By Geoff Raby
Tony Abbott and Andrew Robb seem to have done what has eluded four prime ministers (Rudd twice) and four trade ministers before them. The formal signing of the Australia-China bilateral free-trade agreement next week in Canberra during the visit of China’s President Xi Jinping is a major milestone in the bilateral relationship and a further step towards deeper regional economic integration.
When the idea of an FTA was first raised by the Howard government, China was only Australia’s fifth-largest export market, behind Japan, South Korea, the US and New Zealand. Excluding Japan, today China is bigger than all these combined.
The Australia-China FTA has been 11 years in the making: nine of negotiations preceded by two years of preparatory negotiations to convince the Chinese of the merits of doing an FTA with Australia. It’s the longest continuous trade negotiation Australia has ever undertaken, including the Uruguay Multilateral Round, which lasted seven years and resulted in the creation of the World Trade Organisation.
The results from the FTA will inevitably be more much modest. Why then has it taken so long to conclude, especially as our competitors, such as New Zealand and Chile, did theirs so quickly?
An important part of the answer can be found in the political controversies surrounding the start of negotiations and how these shaped the approach of Australian negotiators.
Talks with China began in 2003 soon after finalising our FTA with the US, which was a significant achievement. It seemed like a good idea to build on the momentum achieved and to balance that agreement with one with China.
The Australia-US agreement, with its broad sectoral coverage and regulatory chapters, then became a benchmark, but one that could never be achieved with a developing country like China.
The China negotiations began amid two political controversies. One was the old debate over multilateral versus bilateral and plurilateral trade deals. A bevy of well known and publicly active trade economists and think tanks came out strongly against an FTA with China (they had also done so against the US FTA).
Yet for some reason the intensity of opposition over China was greater. It may have been because as China had just recently joined the WTO, it was now being diverted from the true path of multilateralism.
Howard had also again confounded the Labor side of politics by showing he was capable of bold initiatives in Asia – when he was so often characterised as the prime minister who couldn’t deal with Asia.
Seriously complicating the politics was China’s pre-condition that Australia grant it “market economy" status. Opposition spokesperson on trade Simon Crean campaigned strongly against this, saying we were giving up our negotiating coin. However, the reality was that the coin had no value if negotiations could not start. And China had made it clear, as it did with our competitors, that without “market economy" status there would be no negotiations.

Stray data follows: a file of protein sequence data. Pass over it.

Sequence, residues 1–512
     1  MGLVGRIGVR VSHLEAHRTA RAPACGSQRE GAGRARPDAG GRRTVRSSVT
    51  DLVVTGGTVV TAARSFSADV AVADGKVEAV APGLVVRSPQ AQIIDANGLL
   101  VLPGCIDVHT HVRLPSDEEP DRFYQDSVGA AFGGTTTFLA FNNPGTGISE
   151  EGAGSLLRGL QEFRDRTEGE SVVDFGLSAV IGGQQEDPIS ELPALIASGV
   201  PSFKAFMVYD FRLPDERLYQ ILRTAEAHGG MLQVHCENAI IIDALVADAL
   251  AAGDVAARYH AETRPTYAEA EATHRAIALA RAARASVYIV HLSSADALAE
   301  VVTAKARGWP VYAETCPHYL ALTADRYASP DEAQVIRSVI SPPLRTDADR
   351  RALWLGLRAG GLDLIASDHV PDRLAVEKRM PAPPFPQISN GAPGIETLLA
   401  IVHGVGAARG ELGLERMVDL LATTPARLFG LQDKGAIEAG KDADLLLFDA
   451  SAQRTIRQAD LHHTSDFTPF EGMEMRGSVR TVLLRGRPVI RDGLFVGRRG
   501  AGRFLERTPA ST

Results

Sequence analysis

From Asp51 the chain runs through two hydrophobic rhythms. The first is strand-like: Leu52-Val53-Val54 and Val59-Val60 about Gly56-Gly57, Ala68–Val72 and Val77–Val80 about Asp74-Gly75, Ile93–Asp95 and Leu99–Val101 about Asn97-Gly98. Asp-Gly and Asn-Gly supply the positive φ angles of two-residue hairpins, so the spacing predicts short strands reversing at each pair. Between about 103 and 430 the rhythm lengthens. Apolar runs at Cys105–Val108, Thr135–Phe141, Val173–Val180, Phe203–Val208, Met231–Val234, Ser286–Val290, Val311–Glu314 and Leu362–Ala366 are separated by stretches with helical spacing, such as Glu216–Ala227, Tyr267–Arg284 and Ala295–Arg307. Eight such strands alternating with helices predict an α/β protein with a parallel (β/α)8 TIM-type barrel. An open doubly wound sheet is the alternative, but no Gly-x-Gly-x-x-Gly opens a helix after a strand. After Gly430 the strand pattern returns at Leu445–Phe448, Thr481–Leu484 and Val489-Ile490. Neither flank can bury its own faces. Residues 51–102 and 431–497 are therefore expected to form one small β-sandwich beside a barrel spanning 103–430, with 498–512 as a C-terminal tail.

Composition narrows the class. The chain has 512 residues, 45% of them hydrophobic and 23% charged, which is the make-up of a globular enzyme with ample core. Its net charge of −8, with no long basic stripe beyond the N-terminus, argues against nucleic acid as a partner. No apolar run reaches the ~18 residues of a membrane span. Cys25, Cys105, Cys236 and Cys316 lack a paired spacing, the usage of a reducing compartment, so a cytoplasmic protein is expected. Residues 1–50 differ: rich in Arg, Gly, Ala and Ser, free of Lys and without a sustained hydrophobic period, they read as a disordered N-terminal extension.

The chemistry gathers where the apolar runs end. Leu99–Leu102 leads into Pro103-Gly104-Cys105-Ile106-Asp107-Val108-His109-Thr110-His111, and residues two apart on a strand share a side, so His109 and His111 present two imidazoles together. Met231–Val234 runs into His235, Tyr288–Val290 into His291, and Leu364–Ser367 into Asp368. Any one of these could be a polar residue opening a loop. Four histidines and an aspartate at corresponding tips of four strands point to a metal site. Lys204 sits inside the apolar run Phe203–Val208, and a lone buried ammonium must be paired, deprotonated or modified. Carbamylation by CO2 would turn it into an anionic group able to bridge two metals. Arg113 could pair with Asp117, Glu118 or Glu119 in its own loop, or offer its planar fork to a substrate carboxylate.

Domestic arguments over this became impossibly tangled. “Market economy status" was widely misunderstood to be some sort of subjective judgment on whether or not China conformed to certain market-economy norms, whereas in fact it dealt only with a technical aspect in the WTO’s anti-dumping and countervailing duties agreement. In any event, Australia was already treating China as a market economy in practice.
The Labor opposition, together with the unions and some sections of industry, campaigned strongly against the China FTA. Giving China “market economy status" also upset the US and drew criticism from the EU.
In response, the Howard government’s enthusiasm for the negotiations began to wane even before they had begun. But not to proceed at a late stage in the process would have been seen to be caving into pressure and a victory for the opposition. So a formula was found by the trade bureaucrats. Taking the American FTA as the gold standard, our objective became to achieve a “fully comprehensive, WTO-consistent, liberalising, high-quality" FTA.
Under this formula, interest groups could rest assured that (unlike in the US FTA with sugar), there would be no sectorial carve-outs and everyone would get something. In the process, Australia would become a protean agent of deeper reform and liberalisation in China thereby in part answering the multilateralist lobby. The FTA would help to remake China in our own, liberal trending,image.
Unfortunately, China did not understand what we wanted from the negotiations. And to the extent they did, they did not like it very much. China repeatedly asked us to keep things simple and provide a list of what was wanted in terms of market access. New Zealand and Chile did this and concluded theirs quickly.
For some years, we have had no option but to shift our position from the original offensive agenda to a defensive one in order to protect our market share in areas such as diary, sheep meat and wine. Whether or not our negotiators have secured the same treatment for Australia’s exports as New Zealand, and whether there is much substance in the services chapters, or whether there will be a negative public reaction to the concessions on investment, the agreement will provide a platform on which to build.
Andrew Robb, who before entering Parliament was an occasional participant in public discussion groups on market economy status and an early supporter of an FTA with China, has brought a focused and pragmatic approached to the negotiations. He has managed to get the trade bureaucrats to retype the page and secure what we can at this time with the opportunity to do more in future negotiations.
It is fitting that the China FTA, which was begun by a Coalition government, is successfully concluded by one.
Geoff Raby is Chairman and CEO of Geoff Raby & Associates and a former Australian Ambassador to China.
This article first appeared in the Australian Financial Review:
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